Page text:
But tech company leaders aren’t all joining the fight against the deliberate weakening of encryption. AT&T CEO Randall Stephenson said this week that AT&T, Apple, and other tech companies shouldn’t have any say in the debate.

“I don’t think it is Silicon Valley’s decision to make about whether encryption is the right thing to do,” Stephenson said in an interview with The Wall Street Journal. “I understand [Apple CEO] Tim Cook’s decision, but I don’t think it’s his decision to make.”

AT&T has been criticized repeatedly for its cooperation with the US National Security Agency, but Stephenson says his company has been singled out unfairly.

“‘It is silliness to say there’s some kind of conspiracy between the US government and AT&T,’ he said, adding that the company turns over information only when accompanied by a warrant or court order,” the Journal reported yesterday.

While presidential candidate Hillary Clinton called for a “Manhattan-like project” to help law enforcement break into encrypted communications, Cook argues that it’s impossible to make an encryption backdoor that can be used only by law enforcement. “The reality is if you put a backdoor in, that backdoor’s for everybody, for good guys and bad guys,” Cook said last month.

Security researchers recently discovered a backdoor password in Juniper firewall code. Researchers also found a deliberately concealed backdoor in dozens of products sold by a company that supplies audio-visual and building control equipment to the US Army, White House, and other security-conscious organizations.

FBI Director James Comey told lawmakers in October that the Obama administration won’t ask Congress for legislation requiring tech companies to install backdoors in their products, but he said the administration would continue lobbying companies to create backdoors even though they’re not required to.

Despite AT&T sitting out the debate, plenty of tech companies balk at the idea. A letter to President Obama protesting deliberate weakening of security last year was signed by Adobe, Apple, Cisco, CloudFlare, Dropbox, Evernote, Facebook, Google, Level 3, Microsoft, Mozilla, Rackspace, Symantec, Tumblr, Twitter, and others. AT&T did not sign the letter.

Cisco Security Report: Dwell time and encryption security struggles


Cisco Security Report: Dwell time and encryption security struggles

The 2016 Cisco Security Report highlighted the duality of cybersecurity and described a number of issues, including encryption security and dwell time as a constant struggle between threat actors looking for more effective and efficient attack techniques and security providers responding to those changes.

One of the statistics in the report that could have been spun as a net positive for Cisco was that since May, Cisco reduced the median time to detection (or dwell time) of known threats on its networks to 17 hours. However, Jason Brvenik, principal engineer for the Security Business Group at Cisco, noted that this metric was more representative of the “push and pull” between threat actors and security and should be used more as a way to see which side is improving at a given time.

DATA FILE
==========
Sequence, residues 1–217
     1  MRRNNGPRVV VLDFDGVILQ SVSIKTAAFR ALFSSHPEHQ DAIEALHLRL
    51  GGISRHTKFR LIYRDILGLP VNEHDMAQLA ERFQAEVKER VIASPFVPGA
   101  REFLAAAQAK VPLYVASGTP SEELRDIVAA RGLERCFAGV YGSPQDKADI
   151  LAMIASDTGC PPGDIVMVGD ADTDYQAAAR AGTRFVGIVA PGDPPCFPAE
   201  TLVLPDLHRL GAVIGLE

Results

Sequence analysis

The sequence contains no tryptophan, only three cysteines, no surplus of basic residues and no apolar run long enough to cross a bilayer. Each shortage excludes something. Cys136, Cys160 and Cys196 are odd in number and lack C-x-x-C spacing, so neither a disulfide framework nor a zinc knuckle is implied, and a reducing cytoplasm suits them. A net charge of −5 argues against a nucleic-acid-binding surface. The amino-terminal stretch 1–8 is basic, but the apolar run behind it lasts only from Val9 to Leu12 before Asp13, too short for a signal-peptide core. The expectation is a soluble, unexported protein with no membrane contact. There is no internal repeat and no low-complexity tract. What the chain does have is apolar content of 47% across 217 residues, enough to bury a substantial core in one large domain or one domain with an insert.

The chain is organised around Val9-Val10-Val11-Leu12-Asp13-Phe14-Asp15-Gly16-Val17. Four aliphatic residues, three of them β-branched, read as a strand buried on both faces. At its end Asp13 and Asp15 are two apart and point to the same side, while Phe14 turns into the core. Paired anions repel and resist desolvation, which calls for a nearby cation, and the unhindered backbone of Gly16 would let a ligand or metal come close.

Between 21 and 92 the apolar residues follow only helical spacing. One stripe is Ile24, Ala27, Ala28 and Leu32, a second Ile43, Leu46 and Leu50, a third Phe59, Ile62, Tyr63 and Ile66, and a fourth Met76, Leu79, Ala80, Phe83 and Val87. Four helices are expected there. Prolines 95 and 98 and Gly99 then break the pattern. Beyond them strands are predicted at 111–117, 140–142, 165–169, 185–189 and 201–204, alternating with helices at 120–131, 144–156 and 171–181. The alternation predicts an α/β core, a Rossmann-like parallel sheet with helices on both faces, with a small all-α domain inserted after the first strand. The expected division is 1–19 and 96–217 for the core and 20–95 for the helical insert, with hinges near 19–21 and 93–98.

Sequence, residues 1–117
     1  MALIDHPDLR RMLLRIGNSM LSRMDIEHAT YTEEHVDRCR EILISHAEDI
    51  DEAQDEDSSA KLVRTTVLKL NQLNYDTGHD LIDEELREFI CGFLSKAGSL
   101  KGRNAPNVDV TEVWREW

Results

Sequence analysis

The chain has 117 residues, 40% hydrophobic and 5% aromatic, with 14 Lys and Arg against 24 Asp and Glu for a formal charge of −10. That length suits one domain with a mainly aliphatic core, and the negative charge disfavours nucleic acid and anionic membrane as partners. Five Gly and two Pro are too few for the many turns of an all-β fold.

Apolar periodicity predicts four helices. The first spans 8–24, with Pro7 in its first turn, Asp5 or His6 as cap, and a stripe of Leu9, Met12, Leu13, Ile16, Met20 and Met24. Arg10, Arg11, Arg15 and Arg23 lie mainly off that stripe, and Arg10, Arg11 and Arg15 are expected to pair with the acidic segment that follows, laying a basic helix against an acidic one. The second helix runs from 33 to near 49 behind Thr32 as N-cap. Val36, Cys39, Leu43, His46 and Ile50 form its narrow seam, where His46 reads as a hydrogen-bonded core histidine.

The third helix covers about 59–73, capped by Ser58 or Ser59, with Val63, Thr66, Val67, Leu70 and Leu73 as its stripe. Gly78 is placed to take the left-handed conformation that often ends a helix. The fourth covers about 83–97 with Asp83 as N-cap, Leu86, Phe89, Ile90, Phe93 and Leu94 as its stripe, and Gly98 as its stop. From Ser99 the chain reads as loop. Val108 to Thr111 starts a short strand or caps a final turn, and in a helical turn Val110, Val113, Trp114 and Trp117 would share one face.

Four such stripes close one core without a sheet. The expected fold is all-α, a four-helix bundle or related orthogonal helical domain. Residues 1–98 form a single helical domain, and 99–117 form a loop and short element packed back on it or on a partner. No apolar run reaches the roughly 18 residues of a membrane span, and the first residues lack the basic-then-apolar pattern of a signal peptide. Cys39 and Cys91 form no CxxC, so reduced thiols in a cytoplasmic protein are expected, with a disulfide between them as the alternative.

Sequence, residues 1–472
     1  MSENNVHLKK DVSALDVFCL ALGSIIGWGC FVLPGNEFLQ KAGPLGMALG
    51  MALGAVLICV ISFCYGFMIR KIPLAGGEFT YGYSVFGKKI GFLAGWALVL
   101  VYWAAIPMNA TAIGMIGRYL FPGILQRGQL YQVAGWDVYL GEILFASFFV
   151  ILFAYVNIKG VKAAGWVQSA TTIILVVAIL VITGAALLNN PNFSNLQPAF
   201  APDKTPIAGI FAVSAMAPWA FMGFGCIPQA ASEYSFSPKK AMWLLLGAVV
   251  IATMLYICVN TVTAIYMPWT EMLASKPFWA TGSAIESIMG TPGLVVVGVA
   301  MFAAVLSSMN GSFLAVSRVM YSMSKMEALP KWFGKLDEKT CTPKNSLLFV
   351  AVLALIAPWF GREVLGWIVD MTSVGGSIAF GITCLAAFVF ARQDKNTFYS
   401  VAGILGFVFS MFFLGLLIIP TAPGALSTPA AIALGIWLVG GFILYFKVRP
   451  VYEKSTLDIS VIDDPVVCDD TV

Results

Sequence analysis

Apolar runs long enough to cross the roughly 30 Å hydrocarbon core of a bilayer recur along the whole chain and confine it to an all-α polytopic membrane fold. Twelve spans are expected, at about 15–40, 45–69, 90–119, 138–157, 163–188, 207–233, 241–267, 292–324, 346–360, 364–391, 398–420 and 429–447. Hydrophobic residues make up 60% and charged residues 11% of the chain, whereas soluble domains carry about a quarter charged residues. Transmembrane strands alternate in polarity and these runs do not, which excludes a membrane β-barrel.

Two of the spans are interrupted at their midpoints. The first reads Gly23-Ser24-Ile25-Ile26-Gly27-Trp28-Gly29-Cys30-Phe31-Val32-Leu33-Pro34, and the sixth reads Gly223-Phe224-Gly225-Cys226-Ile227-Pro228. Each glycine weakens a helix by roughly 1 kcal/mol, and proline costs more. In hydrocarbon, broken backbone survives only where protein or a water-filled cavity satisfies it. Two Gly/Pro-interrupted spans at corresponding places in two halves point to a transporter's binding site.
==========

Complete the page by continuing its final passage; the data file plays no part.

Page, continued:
“Our point in talking about time to detection is that it’s a durable metric that organizations can use, establish and measure to help them understand how well they’re doing and what their opportunity is to improve,” Brvenik said. “And, if you don’t start paying attention to time to detection, then the attacker basically has unfettered access until you get that.”

Fred Kost, senior vice president at HyTrust, said that although dwell time is an important security metric, it is reactive and not preventative.

“Time to detection will vary over time as the cat and mouse game plays out between attackers and defenders,” Kost said. “Part of the challenge for enterprises is the improving ability of attackers to remain covert once they have access to the network and servers, driving the need to have better segmentation and controls on what privileges users have, especially as virtualization and cloud makes access to a greater number of systems more likely.”

Brvenik said Cisco has had some success in bringing down dwell time, but that this measurement would ultimately vary.

“I fully expect that [threat actors] are going to recognize the lack of ROI or the reduction of ROI they’re getting and they’re going to come back and try something new,” Brvenik said. “As a defender, you have to be right 100% of the time and the attacker only has to be right once.”

Cisco found this was already true in the evolution of botnets and exploit kits (EK) like Angler. The Security Report showed that attackers using Angler had large scale campaigns with 90,000 targets per server per day, 10% of which were served exploits. Of those served exploits, 40% were compromised and 62% of those were served ransomware. Though only a small fraction paid the ransom (2.9%) and each instance was a few hundred dollars, that still added up to $34 million per ransomware campaign over the course of a year.

Craig Williams, senior technical leader and outreach manager at Cisco, said the advancements seen in how attackers use the Angler EK and botnets can be directly attributed to the security industry getting better at its job. Williams described how five or ten years ago, botnets were simple setups of one server connecting to another, so it was easy to block the host server to take down the botnet. But, attackers have found a way to use Angler to make this much more difficult to stop.